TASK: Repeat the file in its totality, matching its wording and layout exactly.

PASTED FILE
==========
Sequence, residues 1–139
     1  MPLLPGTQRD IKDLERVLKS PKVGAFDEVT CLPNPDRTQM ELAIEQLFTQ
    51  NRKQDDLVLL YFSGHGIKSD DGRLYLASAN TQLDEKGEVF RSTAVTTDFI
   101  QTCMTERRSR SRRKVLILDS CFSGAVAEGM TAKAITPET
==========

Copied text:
Sequence, residues 1–139
     1  MPLLPGTQRD IKDLERVLKS PKVGAFDEVT CLPNPDRTQM ELAIEQLFTQ
    51  NRKQDDLVLL YFSGHGIKSD DGRLYLASAN TQLDEKGEVF RSTAVTTDFI
   101  QTCMTERRSR SRRKVLILDS CFSGAVAEGM TAKAITPET